Suramya's Blog : Welcome to my crazy life…

February 22, 2021

Should software be “classified” if it is used by government agencies?

Filed under: My Thoughts,Techie Stuff — Suramya @ 10:25 PM

Software should not be classified when used in government agencies except in some very rare exceptional cases. For example, software used to launch nuclear missiles and ensure they hit their targets might be an exception however, these should be an exception rather than the rule in my opinion. The reason I say that is because when a software is classified it means that a limited no of people are using it and that means only a limited no of developers are working on it as any given time. Plus, when something is classified it can not be security tested by external entities without having to sign multiple Non-Disclosure Agreements (NDA’s) and other similar hoops whereas regular software is used and tested by lots of people like corporate’s who test the solution before they implement it in their environment. This gives us multiple groups of people testing the software in various ways making it easier to identify security issues making it more secure.

Secondly, making classified versions of existing software doesn’t seem like a good use of resources to me. Why spend extra money creating a classified ‘Word’ when the commercial version (with some modification) would work perfectly well?

Coming to open source, I don’t think government should be prohibited from using Open Source. There are two ways government’s can be blocked from using opensource software. Firstly, the software license might prohibit government use. If this is the case, then the license no longer meets the requirement to be called open source since the Open Source Definition specifies that Open Source licenses may not discriminate against persons or groups. In-fact there was an attempt back in 2006 by GPU which is a Gnutella client to create a license that disallowed the use of their software by the military. It didn’t go anywhere because of strong opposition by the Open Source Initiative (OSI) to calling the license open source. Second, The government might not allow its use due to internal policy: This is primarily because they are worried about one or all of the following: Security, Cost, or licensing.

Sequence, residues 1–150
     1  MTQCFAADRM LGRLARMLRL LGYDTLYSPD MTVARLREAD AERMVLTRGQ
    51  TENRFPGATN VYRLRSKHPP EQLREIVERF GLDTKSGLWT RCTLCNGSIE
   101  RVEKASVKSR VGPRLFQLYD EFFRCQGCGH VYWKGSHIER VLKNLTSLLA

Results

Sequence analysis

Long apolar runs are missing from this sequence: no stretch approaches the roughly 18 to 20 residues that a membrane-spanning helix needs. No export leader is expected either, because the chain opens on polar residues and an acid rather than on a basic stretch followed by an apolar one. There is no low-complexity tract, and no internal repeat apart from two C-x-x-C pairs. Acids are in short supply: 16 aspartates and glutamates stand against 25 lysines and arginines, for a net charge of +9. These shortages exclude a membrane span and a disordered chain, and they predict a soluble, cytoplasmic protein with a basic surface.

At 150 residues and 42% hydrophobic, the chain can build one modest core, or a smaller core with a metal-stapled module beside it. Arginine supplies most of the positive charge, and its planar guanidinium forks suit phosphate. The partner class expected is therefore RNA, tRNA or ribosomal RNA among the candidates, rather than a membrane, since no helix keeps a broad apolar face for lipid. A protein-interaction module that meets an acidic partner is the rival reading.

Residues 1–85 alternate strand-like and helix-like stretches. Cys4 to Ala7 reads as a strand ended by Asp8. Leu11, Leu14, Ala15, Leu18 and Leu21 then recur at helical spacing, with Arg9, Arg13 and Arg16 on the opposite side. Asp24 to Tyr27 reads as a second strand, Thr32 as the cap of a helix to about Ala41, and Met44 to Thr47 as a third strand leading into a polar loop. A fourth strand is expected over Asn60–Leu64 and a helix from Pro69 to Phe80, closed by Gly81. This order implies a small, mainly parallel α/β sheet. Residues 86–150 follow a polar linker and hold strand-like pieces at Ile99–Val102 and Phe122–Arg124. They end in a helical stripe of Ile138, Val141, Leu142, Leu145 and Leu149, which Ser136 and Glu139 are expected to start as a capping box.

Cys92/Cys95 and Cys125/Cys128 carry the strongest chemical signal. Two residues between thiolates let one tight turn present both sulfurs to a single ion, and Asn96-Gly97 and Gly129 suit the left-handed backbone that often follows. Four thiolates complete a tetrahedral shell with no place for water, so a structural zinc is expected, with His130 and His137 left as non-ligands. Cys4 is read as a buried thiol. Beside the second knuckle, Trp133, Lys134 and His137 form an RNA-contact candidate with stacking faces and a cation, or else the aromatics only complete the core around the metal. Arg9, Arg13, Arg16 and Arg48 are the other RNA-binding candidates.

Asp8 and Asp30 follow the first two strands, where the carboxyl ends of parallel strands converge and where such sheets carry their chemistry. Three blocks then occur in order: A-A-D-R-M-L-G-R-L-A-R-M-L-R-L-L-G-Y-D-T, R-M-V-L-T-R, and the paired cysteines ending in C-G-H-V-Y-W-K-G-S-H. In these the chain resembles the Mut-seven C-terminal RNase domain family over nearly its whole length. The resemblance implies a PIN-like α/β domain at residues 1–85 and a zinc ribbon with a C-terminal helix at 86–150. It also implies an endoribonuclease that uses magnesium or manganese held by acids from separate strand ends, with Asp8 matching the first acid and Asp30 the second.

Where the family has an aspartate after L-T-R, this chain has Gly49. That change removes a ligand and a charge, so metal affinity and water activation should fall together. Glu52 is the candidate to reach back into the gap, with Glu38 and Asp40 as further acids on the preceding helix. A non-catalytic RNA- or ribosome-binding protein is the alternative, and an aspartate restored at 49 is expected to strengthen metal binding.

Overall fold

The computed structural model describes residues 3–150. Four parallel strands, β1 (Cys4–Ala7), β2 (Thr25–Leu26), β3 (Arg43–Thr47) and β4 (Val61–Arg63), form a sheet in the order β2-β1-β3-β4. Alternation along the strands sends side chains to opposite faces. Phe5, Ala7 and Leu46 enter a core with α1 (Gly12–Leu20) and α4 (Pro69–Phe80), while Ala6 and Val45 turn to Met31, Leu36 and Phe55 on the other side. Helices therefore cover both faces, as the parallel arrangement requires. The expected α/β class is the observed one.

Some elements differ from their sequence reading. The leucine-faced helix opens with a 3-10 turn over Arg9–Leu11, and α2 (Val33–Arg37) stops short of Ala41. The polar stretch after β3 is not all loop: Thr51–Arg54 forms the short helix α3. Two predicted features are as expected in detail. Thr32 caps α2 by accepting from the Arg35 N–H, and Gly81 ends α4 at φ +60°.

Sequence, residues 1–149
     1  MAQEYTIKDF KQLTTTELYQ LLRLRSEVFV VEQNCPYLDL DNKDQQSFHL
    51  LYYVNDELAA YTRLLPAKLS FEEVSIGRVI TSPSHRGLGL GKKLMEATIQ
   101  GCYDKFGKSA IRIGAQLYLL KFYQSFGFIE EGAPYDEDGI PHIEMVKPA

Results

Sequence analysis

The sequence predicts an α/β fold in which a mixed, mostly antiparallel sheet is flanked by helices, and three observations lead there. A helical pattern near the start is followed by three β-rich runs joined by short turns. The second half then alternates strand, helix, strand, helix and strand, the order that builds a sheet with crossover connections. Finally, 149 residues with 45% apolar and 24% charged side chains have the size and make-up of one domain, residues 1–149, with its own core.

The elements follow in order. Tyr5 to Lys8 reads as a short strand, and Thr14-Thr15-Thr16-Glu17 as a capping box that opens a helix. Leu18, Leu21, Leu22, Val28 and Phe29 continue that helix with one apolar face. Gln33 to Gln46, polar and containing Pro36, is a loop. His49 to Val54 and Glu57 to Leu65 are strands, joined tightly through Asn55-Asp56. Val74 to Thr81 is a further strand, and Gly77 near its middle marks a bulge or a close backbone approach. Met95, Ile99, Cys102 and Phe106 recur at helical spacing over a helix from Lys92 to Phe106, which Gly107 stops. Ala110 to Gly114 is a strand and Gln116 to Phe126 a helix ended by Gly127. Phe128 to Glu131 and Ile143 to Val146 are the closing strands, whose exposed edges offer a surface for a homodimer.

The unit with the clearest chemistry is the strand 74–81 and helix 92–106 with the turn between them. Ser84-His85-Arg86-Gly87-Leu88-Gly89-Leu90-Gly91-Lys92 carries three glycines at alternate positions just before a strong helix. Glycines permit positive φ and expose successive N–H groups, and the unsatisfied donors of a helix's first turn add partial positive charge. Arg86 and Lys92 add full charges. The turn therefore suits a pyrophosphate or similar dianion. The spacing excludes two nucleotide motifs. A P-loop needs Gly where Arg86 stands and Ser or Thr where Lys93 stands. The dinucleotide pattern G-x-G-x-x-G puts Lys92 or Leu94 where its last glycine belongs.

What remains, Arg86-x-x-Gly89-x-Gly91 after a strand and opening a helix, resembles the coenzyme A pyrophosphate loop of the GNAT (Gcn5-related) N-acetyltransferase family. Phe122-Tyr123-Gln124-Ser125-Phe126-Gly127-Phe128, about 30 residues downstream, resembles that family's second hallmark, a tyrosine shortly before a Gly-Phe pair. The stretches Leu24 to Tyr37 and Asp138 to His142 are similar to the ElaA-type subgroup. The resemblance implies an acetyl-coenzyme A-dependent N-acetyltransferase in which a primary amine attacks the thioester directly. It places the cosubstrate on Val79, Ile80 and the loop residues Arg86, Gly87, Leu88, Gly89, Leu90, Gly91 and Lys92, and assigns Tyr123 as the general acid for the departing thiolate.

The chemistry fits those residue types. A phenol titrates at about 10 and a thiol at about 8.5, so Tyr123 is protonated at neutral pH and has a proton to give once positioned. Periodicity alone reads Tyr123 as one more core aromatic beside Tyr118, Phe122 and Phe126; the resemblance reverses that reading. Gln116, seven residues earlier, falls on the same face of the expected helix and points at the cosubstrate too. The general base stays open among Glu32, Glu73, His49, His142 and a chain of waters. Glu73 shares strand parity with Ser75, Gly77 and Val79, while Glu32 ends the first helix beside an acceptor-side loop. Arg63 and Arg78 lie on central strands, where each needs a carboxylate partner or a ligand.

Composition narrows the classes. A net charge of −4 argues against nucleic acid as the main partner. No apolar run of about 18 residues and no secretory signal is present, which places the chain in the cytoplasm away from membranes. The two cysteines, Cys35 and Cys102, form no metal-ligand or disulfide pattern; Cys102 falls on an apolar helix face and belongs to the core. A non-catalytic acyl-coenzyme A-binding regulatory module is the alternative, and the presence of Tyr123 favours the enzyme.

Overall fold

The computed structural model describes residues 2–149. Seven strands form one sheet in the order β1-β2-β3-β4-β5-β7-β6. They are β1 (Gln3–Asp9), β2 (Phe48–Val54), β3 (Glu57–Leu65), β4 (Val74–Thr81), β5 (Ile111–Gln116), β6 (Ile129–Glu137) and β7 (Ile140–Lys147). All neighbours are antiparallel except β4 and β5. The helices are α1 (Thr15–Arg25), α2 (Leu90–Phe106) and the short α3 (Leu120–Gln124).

There is a misconception that opensource software is less secure than commercial software and even though majority of the servers worldwide run on opensource software (Linux, Apache etc) the detractors still persist. In every large company I have worked with so far, whenever I try promoting opensource software this point invariably comes up and I have to spend time explaining why this is not the case.

Another reason why companies might not allow OSS is because of the license the software might be under. If the software is licensed under the GPL they need to be extra careful when using it within their setup because the GPL is what is known as a viral license. It requires the source code of the entire “derived work” – i.e. the combination of GPL code and proprietary code – to be made available under the terms of the GPL publicly. Due to this most companies do not allow software licensed under the GPL to be used inside them. (Libraries licensed under GPL are fine because they don’t trigger the ‘viral’ clause). However, there are other licenses that do not have this clause and can be safely used.

Ultimately, I feel it is better if they use opensource software rather than pay ridiculous amounts of money as software licensing fees.

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